So really, the only reason I can see for taking away a magic-user’s ability to wear armor (at least presuming OD&D is based on the standards of the Chainmail war game…and there is ample evidence that this appears to be the case) is one of “game balance.” If all magic-users can wear armor AND cast spells, it provides too much of a “leg up” over all the other character classes…despite the fact that elves are already doing this. The only reason not to play an elf is the level restrictions on the character for being a non-human…but to exceed an elf in magical prowess means achieving 9th level (“sorcerer”) with 100,000XP…a long, hard road indeed!
[especially considering the elf maxes out at both fighter (4th) and magic-user (8th) with a paltry 83,000XP]
Now an elfish warlock never achieves the ability to cast 5th and 6th level spells, so certainly missed out on some crucial ones (like teleport, animate dead, disintegrate, and weather control)…but everyone misses out on these high level spells unless your campaign lasts up into the 9th and higher levels of experience. It took roughly four solid months of weekly gaming, with a LOT of treasure to get guys up to the 3rd to 5th level range in B/X (about 8000-9000XP apiece), and even if I kept the same rate (scaling treasure) it would take close to a solid year of gaming to hit 9th level…maybe longer. My recent experience (the last couple-three years) indicates gaming groups get bored a lot faster than that.
But whatever…that’s really straying from the point which is that there is no in-game justification for magic-users to not wear armor. It’s a stylistic (or silly) game balance choice. I mean, at low levels, wizards could simply don their plate armor after their spells had been exhausted, right? Even if it wrecked their “fighting ability” to do so (it’s a lot poorer in OD&D than Chainmail anyway), at least armor could give them the breathing room they need to make it out of the dungeon alive.
Now, why am I wasting all this time discussing the magic-user (and elves) when this post is supposed to be about clerics? Because a comparison was drawn between clerics and magic-users stating that clerics had the ability to be human AND cast spells while wearing armor (bonus!) while both elves and magic-users miss out on some part of this (magic-users lose the armor, elves lose the “human-ness”). As a "hybrid," clerics gain the ability to attack with both magic AND weapons, and are not limited in level like elves.
Okay, they’re not limited in level.
However, the cleric’s spells are NOT attack or combat oriented. For the most part (and I’ll write about this more in the next post), all the cleric’s spells are of the curing, detection, or protection variety. The clerics spells are designed to AID the party members (whether this be with a light spell, locate object, or raising the dead)…whereas the magic-user spell list provides more variety of both type and effect, including a lot of offensive spells along with the miscellaneous/helper offerings.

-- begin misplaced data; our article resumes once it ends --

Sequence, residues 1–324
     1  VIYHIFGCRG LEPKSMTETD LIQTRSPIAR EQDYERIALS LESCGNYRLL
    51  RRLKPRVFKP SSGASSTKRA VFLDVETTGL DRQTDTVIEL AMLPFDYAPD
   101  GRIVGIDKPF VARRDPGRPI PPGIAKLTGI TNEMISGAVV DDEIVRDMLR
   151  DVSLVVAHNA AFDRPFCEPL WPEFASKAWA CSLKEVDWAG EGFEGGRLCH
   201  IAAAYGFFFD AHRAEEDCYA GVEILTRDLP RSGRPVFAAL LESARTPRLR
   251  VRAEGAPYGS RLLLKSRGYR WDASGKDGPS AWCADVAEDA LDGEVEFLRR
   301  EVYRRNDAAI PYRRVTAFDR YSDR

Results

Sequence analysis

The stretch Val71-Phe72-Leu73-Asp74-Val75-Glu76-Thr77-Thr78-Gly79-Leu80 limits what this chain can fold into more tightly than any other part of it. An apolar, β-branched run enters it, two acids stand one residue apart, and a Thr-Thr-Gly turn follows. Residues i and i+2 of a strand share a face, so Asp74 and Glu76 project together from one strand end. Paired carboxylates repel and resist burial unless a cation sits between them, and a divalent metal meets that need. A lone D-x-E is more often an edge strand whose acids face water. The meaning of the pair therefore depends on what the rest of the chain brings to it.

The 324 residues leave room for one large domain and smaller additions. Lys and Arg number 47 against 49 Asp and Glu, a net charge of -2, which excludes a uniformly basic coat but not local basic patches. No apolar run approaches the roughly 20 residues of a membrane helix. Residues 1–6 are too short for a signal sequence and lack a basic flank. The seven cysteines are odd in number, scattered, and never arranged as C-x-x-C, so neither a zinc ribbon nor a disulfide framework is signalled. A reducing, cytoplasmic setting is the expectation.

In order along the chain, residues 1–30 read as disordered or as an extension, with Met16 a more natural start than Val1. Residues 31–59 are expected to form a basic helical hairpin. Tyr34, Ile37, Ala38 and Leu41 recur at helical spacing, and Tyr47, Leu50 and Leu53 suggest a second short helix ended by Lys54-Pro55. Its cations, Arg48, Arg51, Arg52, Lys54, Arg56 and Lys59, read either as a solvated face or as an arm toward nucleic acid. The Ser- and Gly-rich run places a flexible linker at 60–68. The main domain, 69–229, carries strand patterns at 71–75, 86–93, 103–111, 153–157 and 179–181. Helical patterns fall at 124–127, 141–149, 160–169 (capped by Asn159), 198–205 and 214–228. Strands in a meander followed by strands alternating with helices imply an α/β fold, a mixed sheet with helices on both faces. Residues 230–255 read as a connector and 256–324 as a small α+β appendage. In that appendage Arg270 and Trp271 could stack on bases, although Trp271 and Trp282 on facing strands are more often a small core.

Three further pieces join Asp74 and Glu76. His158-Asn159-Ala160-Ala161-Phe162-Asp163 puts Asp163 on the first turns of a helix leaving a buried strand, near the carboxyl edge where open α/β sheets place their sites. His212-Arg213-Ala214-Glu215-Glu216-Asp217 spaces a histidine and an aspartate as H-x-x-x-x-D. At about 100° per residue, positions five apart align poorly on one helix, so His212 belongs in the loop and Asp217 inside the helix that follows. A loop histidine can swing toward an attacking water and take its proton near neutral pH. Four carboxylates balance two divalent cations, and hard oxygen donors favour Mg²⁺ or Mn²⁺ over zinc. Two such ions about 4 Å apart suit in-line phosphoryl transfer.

This, to me, doesn’t suggest a hybrid. If the character is still dealing damage with one’s weapons then there’s nothing “hybrid” about it: armor is necessary to get “stuck in” and fight. Magic-users don’t get stuck in, and they don’t need to due to the types of spells they know.
Does this make sense? Maybe I’m not being clear here. Let’s try this:
It’s not a class feature to wear armor (combat/defensive mechanic) and cast spells (aid/utility mechanic) when the two features are used at different times under different circumstance.
OD&D clerics aren’t casting flame strike and spiritual hammer, and blade barrier while simultaneously soaking up damage with their +3 plate mail. They are fighting like a fighter (armor and weapon), and then casting spells after the fight for other reasons (like healing buddies or detecting traps). There’s no double use one’s getting out of the two attributes of the cleric class. It’s one or the other.
On the other hand, contrast that with the elf. The elf does wade into battle with sword and armor…and then can switch to spell use (Fireball! Lightning bolt!) before switching back to sword and board. Afterwards, the elf might use detect magic or remove curse or wizard eye or whatever, but it’s in the midst of battle that you see the true "hybrid character."
No such hybrid is viewed with the cleric. The magic-user, too, can put on armor (after her spells are exhausted)…so what? I don’t consider it a class feature that the cleric spends less time changing in and out of their clothes.
Hopefully that all makes sense. Now, let’s talk about the cleric spells, since those ARE something “new” being brought to the table by the class.